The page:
From the left, Lynx players Maya Moore, Seimone Augustus, Taj McWilliams-Franklin and Lindsay Whalen couldn’t stop laughing during a photo shoot for media day earlier this month. They have reason to be giddy: The defending WNBA champions are favored to repeat.
Elizabeth Flores, Star Tribune
SEASON OPENER LYNX VS. PHOENIX
11:30 a.m. Sunday Target Center
TV: Ch. 5 (106.1-FM)
Lynx come out smiles ahead
- Article by: ROMAN AUGUSTOVIZ
- Star Tribune
- May 18, 2012 - 11:50 AM
Through the lean years for the Lynx, Roger Griffith says he always believed better seasons were ahead.
The team's executive vice president repeatedly said if Minnesota's WNBA team became a winner, fans would flock to Target Center.
Last year, in the franchise's 13th season, the winning happened, in startling fashion.
After six consecutive years of missing the playoffs, the Lynx won their first WNBA title.
The Lynx organization hopes the fans respond. The team is a business, after all, owned by Glen Taylor. And it has turned a profit only three times.
To finish in the black in 2011, the Lynx had to reach the league's championship series. Regular-season attendance averaged only 8,447 fans -- fifth in the league -- for a high-scoring team that was 14-3 at home.
The Lynx were cheered during a parade downtown after their championship and Griffith said, that day, "We are really positioned well for next year."
"Next year" starts Sunday when the Lynx play host to Phoenix at Target Center. The early financial signs are promising.
The season-ticket selling campaign for 2012 began at the same time as last year's playoff run and, in seven months, season tickets have tripled from 683 to about 2,000. Sunday's game against Phoenix could break the attendance record of 12,122 for a home opener set in the team's first season. About 10,000 tickets had been sold as of Thursday.
Corporate sponsorship dollars have topped $1 million -- already higher than 2011. That's about as specific as the Lynx get concerning money matters.
Finding a jersey sponsor remains one key goal. At least five WNBA teams have advertising on their uniforms with deals that are reportedly worth as much as $1 million annually.
Air time aplenty
Success has put the Lynx in the spotlight. NBA TV will broadcast 12 of their games nationally, two more than any other team, and ABC and two ESPN channels will combine to carry four Lynx games. FSN will televise eight games regionally.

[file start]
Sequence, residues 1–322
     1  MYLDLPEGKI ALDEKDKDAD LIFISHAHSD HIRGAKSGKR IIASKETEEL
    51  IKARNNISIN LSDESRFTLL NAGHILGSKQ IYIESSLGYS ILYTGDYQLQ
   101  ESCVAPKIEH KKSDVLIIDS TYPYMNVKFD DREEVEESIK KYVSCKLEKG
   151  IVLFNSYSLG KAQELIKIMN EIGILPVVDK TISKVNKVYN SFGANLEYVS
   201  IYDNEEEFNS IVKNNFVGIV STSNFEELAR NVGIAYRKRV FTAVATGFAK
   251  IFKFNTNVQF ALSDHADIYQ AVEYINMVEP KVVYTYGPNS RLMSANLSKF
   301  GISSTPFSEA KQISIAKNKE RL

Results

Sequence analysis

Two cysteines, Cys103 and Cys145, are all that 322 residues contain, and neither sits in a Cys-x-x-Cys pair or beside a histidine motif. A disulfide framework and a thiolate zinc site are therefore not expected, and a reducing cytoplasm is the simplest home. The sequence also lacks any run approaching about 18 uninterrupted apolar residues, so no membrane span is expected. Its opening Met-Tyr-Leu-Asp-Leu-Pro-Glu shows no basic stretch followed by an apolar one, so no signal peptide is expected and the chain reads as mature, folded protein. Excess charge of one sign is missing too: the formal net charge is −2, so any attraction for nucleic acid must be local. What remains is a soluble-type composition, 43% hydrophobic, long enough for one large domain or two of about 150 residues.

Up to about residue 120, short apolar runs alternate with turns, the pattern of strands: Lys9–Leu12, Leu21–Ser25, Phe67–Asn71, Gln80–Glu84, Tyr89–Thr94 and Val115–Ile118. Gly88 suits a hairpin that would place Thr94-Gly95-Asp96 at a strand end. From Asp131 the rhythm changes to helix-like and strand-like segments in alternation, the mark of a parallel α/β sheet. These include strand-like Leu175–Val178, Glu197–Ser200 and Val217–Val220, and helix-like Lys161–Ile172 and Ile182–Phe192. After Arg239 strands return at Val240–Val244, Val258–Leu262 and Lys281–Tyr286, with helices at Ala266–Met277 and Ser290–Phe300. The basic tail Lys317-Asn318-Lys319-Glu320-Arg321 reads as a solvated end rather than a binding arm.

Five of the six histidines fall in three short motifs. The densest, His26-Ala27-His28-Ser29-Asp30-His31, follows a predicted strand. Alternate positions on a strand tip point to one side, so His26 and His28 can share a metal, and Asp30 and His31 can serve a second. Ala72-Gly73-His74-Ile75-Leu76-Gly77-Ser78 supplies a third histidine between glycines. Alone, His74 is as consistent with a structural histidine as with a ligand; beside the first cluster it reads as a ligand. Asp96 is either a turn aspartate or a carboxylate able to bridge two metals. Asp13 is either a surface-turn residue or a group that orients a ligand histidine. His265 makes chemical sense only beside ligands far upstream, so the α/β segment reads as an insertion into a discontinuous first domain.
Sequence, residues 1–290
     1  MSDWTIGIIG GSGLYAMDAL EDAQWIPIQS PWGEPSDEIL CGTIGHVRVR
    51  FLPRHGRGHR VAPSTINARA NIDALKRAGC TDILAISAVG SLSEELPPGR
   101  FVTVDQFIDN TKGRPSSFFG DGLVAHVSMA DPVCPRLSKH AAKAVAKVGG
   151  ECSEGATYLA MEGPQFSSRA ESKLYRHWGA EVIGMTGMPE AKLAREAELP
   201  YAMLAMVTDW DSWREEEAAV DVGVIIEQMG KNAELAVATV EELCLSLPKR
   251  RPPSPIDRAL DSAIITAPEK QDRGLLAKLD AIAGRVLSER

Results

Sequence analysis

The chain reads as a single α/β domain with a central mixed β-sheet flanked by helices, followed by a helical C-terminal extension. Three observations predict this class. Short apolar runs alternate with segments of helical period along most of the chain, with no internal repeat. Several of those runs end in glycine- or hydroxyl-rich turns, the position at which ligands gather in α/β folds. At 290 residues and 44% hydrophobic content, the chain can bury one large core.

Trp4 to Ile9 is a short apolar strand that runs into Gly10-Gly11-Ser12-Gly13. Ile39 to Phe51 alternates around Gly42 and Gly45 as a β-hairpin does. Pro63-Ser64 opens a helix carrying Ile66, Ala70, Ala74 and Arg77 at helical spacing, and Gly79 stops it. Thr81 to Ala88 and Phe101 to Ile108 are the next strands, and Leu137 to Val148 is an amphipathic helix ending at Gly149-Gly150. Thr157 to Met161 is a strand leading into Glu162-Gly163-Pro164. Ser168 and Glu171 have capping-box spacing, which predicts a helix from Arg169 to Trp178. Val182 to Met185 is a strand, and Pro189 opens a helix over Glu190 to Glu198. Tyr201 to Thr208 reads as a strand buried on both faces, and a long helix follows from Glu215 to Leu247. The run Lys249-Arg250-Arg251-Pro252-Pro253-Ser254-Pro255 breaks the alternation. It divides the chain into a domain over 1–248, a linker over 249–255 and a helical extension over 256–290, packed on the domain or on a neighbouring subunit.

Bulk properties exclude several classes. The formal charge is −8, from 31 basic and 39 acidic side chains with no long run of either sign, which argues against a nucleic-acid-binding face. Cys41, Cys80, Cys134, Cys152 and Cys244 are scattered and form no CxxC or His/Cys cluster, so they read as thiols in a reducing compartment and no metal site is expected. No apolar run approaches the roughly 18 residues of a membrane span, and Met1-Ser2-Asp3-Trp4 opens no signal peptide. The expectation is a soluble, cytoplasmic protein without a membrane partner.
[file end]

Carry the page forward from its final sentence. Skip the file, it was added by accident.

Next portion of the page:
Other stars are aligning for the Lynx to have a breakthrough season at the gate:
• The Olympics. Three Lynx players -- Seimone Augustus, Lindsay Whalen and Maya Moore -- are on Team USA, which is favored to win its fifth consecutive gold medal in London. The WNBA will take a five-week break for the Games.
• The plight of the major sports teams locally. None have thrived recently.
• Nine players return from their championship team, including all the starters. Ten of 12 WNBA general managers picked the Lynx to repeat.
• A business-savvy coaching staff. "Cheryl Reeve had a great line when we first met," said Conrad Smith, the team's chief operating officer, late last season. "[She said,] 'I need you to be successful on the business side for me to do what I want to do.' That tells it all."
Reeve supports players making appearances in the community and being on TV and radio, said Smith, now on medical leave. Reeve was on the coaching staff at Detroit when the Shock won two WNBA titles, but the team was still uprooted to Tulsa.
• Of the Lynx's first 27 games, 16 are at Target Center. They are 15-1 in their past 16 games at home.
Crowds at Lynx games bottomed out at an average of 6,442 in 2006. The franchise didn't fold or move, and Griffith credits a "wonderful" ownership group for the team's survival.
"Glen Taylor believes in this," Griffith said. "He thinks it is the right thing to do."
Last fall's title run built a fan base. Slightly more than 15,000 attended both home games against Atlanta in the WNBA Finals.
Tom Maurer of Brooklyn Park went to a few games last year and was at the exhibition game against Chicago on Tuesday at the University of Minnesota Sports Pavilion. He plans to attend more games this season. "They will be a little better than last year with the new draft picks and stuff," Maurer said. "I am a sports nut. I like all sports."
Dee Crapser of Jordan is an across-the-board sports fan like Maurer, except she has gone to nearly every Lynx home game in history.
"It was sad to sit through losing season after losing season," Crapser said. "But I am just a Minnesota fan in general. I have been a fan of the Vikings the same way. I go to all the Gophers games, women's [basketball] games. You do what you gotta do when you are a fan."
Which includes dreaming about another tremendous season. "Stay healthy, only they can beat themselves this year," she said.
"The start of every season is always exciting," Griffith said. "You are always facing the unknown, but you are always optimistic. This season is no different except the expectations are different. Now there is no sneaking up on people."
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